A pandemic through a girl's eyes
UNICEF collaborated with adolescent girls from nine countries – including Niger, asking them to share their lives through the lens of their mobile phones
I was really afraid because of the crowds that gathered. If this kind of gathering takes place, coronavirus will continue. It will spread in our country. I see people not abiding by the preventive rules.
In the last few months, our lives have been upended by the COVID-19 pandemic. For girls around the world, this has meant facing increasing threats to their safety and well-being, including harmful practices, violence, exploitation, abuse, neglect, social exclusion and separation from caregivers and friends.
The closure of schools, health and protection services to contain the spread of COVID-19 leaves girls even more vulnerable, extending and intensifying the current crisis. While the pandemic has received wide coverage, the voices and stories of adolescent girls have often been missing, although they are and will be heavily impacted.
Currently, many parents do not have a job and money for school fees. So, they have started planning to send their children to work. In the case of girls, they may plan to marry them off at an early age
For five weeks between May and June 2020, UNICEF collaborated with adolescent girls from nine countries – including Niger, asking them to share their lives through the lens of their mobile phones. We asked them to capture their ‘new normal’ and share their thoughts, ideas and beliefs on COVID-19 and other issues in their lives.
Launching on 24 July, “Coping with COVID-19” is a five-part series – with a new episode launching each Friday – in which we will meet a group of adolescent girls from South Asia and West and Southern Africa who show that adolescent girls have a voice, they just need a platfor m to speak. This platform gives them a chance to be heard – they are empowered, they act, and they stand up for themselves and their loved ones. They outline what they want most of all: a future – where they can choose education, work, dreams, and love.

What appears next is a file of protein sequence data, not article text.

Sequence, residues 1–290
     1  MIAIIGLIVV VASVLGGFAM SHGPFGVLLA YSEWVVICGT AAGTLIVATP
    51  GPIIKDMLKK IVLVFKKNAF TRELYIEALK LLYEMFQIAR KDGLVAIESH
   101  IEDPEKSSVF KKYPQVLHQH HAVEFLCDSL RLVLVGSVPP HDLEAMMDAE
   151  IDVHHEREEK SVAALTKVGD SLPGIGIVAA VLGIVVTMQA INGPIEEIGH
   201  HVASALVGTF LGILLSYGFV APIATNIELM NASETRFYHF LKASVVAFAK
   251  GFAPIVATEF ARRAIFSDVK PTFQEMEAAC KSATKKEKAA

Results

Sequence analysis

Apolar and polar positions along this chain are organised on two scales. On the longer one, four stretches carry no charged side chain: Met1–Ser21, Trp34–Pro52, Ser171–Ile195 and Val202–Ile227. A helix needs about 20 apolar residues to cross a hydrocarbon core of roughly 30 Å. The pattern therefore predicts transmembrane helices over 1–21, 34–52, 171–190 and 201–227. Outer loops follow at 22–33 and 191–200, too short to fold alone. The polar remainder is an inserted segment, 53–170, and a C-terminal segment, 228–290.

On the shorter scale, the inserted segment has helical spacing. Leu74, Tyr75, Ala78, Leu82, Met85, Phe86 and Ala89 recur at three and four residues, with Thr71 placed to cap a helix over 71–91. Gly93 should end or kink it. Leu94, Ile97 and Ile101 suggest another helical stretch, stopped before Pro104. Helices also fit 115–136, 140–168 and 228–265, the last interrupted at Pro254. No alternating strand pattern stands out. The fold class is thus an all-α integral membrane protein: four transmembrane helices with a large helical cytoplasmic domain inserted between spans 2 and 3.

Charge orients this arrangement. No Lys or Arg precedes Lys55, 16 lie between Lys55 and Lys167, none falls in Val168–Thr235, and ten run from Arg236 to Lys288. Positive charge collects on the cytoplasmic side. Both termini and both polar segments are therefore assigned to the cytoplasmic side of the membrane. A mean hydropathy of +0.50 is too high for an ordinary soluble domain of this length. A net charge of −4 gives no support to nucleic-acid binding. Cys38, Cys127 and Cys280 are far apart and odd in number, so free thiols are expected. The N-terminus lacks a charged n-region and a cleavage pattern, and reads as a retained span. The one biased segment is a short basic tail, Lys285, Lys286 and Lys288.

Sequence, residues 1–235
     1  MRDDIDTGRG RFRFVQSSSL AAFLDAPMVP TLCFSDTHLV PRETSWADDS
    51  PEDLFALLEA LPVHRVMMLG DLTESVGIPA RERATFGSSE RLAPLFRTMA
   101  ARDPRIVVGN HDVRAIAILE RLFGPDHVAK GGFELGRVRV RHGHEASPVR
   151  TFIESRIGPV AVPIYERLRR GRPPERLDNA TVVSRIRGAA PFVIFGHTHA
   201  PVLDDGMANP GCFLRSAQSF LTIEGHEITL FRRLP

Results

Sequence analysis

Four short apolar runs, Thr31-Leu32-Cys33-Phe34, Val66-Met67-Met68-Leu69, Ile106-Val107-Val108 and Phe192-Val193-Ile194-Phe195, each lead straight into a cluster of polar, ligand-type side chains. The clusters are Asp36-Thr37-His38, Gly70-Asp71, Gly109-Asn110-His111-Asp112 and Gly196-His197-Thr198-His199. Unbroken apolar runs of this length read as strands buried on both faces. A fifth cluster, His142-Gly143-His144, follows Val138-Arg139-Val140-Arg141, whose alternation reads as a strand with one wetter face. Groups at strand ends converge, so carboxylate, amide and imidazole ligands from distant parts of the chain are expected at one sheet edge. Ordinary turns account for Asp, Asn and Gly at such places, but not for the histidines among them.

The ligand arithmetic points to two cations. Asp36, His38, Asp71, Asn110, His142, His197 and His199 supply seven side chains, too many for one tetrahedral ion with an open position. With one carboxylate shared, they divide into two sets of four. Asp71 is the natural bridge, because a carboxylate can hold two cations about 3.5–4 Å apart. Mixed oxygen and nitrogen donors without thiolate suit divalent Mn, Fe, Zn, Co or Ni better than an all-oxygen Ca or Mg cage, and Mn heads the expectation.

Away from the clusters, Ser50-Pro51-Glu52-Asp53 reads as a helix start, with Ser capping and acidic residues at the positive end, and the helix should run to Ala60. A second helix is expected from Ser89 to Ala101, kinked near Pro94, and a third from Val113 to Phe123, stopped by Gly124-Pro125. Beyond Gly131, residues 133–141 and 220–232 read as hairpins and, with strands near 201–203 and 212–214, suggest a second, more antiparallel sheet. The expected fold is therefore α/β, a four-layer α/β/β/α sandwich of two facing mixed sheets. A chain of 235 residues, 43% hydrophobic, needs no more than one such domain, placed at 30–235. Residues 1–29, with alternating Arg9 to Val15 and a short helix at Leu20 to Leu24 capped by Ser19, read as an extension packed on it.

In the context of Generation Equality, UNICEF aims to lift the voices of adolescent girls – although they might face many challenges during COVID-19, they are fearless, and they speak up. We need to make sure these girls are supported to become anything they want during COVID-19 and always.
UNICEF calls on governments and policymakers to:
- Acknowledge the increased vulnerability of adolescent girls to har mful practices due to COVID-19 and consider girls in both response and ‘building back better’ plans, including ensuring girls’ access to quality education and to legal, justice and health services, including sexual and reproductive health and social protection
- Pay attention to especially vulnerable adolescent girls, such as those already married, widowed or divorced, adolescent mothers, and girls who have undergone female genital mutilation
- Ensure girls’ needs and vulnerabilities are captured in data- and evidence-generation during and after the pandemic
- Ensure adolescent girls’ voices are heard, through platforms to express themselves and consider their thoughts and ideas in policies and programmes that affect their lives.
The government must give young women the freedom to blossom within the society, respect girls, and register them in schools to build a better and more prosperous world
As coronavirus came, we fought against it as a family. My father prohibited me from going to playgrounds, and my mother fought against the virus too. She kept on putting measures in place to fight this disease. I am calling on authorities to find a cure for the coronavirus. And when it is found, it should be given to countries to use.
At country level, this initiative was conducted with the financial support the UNFPA-UNICEF Global Programme to Accelerate Action to End Child Marriage and the Government of Canada.